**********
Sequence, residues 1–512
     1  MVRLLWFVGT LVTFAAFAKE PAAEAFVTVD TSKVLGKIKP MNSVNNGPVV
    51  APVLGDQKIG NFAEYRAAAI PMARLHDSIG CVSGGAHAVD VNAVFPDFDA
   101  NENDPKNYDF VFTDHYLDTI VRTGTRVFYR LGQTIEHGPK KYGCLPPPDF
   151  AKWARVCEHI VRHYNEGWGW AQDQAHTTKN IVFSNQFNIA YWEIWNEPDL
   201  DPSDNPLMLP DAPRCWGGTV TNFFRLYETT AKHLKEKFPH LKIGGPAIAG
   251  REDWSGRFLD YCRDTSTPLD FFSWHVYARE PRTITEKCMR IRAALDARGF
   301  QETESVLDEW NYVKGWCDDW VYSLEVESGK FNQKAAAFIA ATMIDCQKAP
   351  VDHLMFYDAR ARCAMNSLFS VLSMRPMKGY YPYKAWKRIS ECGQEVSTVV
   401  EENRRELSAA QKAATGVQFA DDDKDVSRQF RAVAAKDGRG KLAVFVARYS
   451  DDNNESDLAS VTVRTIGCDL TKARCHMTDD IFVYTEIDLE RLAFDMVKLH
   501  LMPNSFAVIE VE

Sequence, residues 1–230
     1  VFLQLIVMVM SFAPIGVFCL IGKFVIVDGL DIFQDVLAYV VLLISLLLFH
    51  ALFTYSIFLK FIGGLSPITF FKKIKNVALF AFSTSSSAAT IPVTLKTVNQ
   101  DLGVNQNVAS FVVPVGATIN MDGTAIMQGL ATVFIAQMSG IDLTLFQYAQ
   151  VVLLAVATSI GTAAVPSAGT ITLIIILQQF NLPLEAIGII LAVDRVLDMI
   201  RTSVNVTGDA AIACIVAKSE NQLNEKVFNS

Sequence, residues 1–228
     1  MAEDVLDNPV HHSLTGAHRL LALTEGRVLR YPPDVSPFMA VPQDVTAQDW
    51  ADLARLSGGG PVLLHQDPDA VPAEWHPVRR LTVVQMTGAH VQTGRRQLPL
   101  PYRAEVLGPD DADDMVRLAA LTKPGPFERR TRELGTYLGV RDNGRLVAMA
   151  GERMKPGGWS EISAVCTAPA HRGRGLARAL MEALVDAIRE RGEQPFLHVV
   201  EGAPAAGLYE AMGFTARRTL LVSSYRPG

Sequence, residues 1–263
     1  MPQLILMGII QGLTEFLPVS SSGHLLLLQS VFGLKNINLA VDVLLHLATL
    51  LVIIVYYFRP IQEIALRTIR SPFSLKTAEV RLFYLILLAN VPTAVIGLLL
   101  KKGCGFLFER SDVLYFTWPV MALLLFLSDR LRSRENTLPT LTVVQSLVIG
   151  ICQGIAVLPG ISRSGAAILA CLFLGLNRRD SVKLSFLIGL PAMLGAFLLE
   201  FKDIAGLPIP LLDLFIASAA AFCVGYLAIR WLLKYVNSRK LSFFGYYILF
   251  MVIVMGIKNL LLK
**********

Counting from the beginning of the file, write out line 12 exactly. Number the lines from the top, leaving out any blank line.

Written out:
   501  LMPNSFAVIE VE